Although health care expenditure in India is also gradually being increased through the years, yet, it is still low. Total expenditure on health care in India, taking both public, private and household out of-pocket (OOP) expenditure was about 4.1 per cent of GDP (gross domestic product) in 2008-2009 , which was comparable to other developing countries at similar levels of per capita income. However, the public expenditure on health was only about 27 per cent of the total in 2008-2009, which is very low by any standard [17] . Twelfth Plan outlay for the Ministry of Health and Family Welfare has been increased by 335 per cent (from 89,576 crores in 11 th plan to 300,018 crores) [17] . In the Abuja Declaration of 2001, African h0 eads of s0 tate committed to ensure that 15 per cent of overall government expenditure goes to health [18] . We do hope this aspirational goal could be implemented in India in the new environment.Hepatitis A (HAV) is endemic in India and most of the population is infected asymptomatically in early childhood with lifelong immunity. Hepatitis A infection in adults often leads to serious complications [19] . In highly endemic countries large scale immunization efforts are not recommended and in low endemicity areas immunization of high risk populations is recommended. India has traditionally been a high endemicity area. There is evidence of epidemiological shift from high endemicity to intermediate endemicity for the affluent population in various cities across India [20],[21] . In the absence of appropriate steps, epidemics of hepatitis A are likely to occur in the susceptible population with severity of the disease increasing with age. Although there is some evidence of changing epidemiology in select areas, mass or targetted HAV vaccination should not be recommended for India as a public health policy.

HEV vaccine is likely to be available soon in India. Pregnant women and patients with cirrhosis would be priority groups for HEV vaccination. However, several issues remain including lack of population data regarding disease incidence, mortality rate and disease burden and rate of clinical hepatitis E among pregnant women; duration of protection of the vaccine; protection against large viral load and/or severe disease; safety in pregnancy; effect on virus excretion not known. Besides there would be programmatic issues such as targeting vaccines to adults and pregnant women and cost. Currently there is no marketed vaccine for HCV.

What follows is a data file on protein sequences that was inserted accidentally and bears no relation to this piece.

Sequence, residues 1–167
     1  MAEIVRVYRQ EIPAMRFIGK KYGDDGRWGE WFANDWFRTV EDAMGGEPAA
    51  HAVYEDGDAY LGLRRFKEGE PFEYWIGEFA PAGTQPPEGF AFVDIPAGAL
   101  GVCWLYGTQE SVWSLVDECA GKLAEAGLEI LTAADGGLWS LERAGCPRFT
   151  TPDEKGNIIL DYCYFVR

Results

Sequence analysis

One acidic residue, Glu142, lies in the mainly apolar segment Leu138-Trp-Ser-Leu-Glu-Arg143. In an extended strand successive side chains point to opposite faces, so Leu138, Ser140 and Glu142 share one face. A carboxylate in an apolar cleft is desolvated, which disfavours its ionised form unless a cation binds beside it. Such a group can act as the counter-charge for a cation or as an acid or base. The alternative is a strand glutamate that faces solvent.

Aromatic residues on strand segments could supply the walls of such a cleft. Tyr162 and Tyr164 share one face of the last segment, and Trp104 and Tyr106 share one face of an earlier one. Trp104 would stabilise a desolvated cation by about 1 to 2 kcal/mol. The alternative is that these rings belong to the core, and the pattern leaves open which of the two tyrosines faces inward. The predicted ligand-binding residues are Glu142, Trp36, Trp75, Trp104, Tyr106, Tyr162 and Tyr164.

Interruption of routes of transmission Top


Interruption of transmission of viral hepatitis can be achieved by education and increasing the awareness of the public and medical personnel; improved sanitation and safe drinking water (for HAV/HEV prevention); and emphasizing the importance of safe blood and injections.

Increasing the awareness of the public and medical personnel: Education of public and health care professionals will help in identification of persons at risk for viral hepatitis and ensure appropriate counselling, diagnosis, medical management, and treatment. In India, it has been reported that more than 93 per cent of injections are unsafe [22] . Improperly sterilized needles and syringes are still an important cause of transmission of hepatitis B in India, as demonstrated by the recent outbreak of hepatitis B in Modasa Town of Gujarat [4] .